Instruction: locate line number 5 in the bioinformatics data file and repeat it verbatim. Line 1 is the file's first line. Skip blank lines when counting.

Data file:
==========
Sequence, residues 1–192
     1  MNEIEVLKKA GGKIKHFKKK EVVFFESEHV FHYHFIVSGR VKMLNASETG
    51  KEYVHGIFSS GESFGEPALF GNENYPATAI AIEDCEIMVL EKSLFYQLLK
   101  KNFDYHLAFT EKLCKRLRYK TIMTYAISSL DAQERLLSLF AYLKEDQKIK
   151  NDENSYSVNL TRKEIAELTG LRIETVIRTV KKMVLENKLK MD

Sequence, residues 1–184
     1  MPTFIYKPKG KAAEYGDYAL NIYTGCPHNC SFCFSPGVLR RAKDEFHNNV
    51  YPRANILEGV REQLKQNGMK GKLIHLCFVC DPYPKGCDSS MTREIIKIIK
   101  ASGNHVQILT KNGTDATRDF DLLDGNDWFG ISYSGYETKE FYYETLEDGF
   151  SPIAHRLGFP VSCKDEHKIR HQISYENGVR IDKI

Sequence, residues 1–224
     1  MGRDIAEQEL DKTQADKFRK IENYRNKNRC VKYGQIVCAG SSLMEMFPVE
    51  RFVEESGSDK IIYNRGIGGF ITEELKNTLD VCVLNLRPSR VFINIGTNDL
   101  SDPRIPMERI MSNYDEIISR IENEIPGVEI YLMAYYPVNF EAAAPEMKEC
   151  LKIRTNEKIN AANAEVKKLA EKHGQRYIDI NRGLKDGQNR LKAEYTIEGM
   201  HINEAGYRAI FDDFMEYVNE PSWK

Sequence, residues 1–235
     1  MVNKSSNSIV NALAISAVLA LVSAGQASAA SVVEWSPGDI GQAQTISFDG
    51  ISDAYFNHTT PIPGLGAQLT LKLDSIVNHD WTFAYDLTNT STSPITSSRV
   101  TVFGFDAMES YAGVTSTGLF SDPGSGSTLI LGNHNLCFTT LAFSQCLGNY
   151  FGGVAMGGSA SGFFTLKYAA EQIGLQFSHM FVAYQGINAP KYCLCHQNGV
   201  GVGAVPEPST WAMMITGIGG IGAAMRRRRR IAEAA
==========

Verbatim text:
   151  NDENSYSVNL TRKEIAELTG LRIETVIRTV KKMVLENKLK MD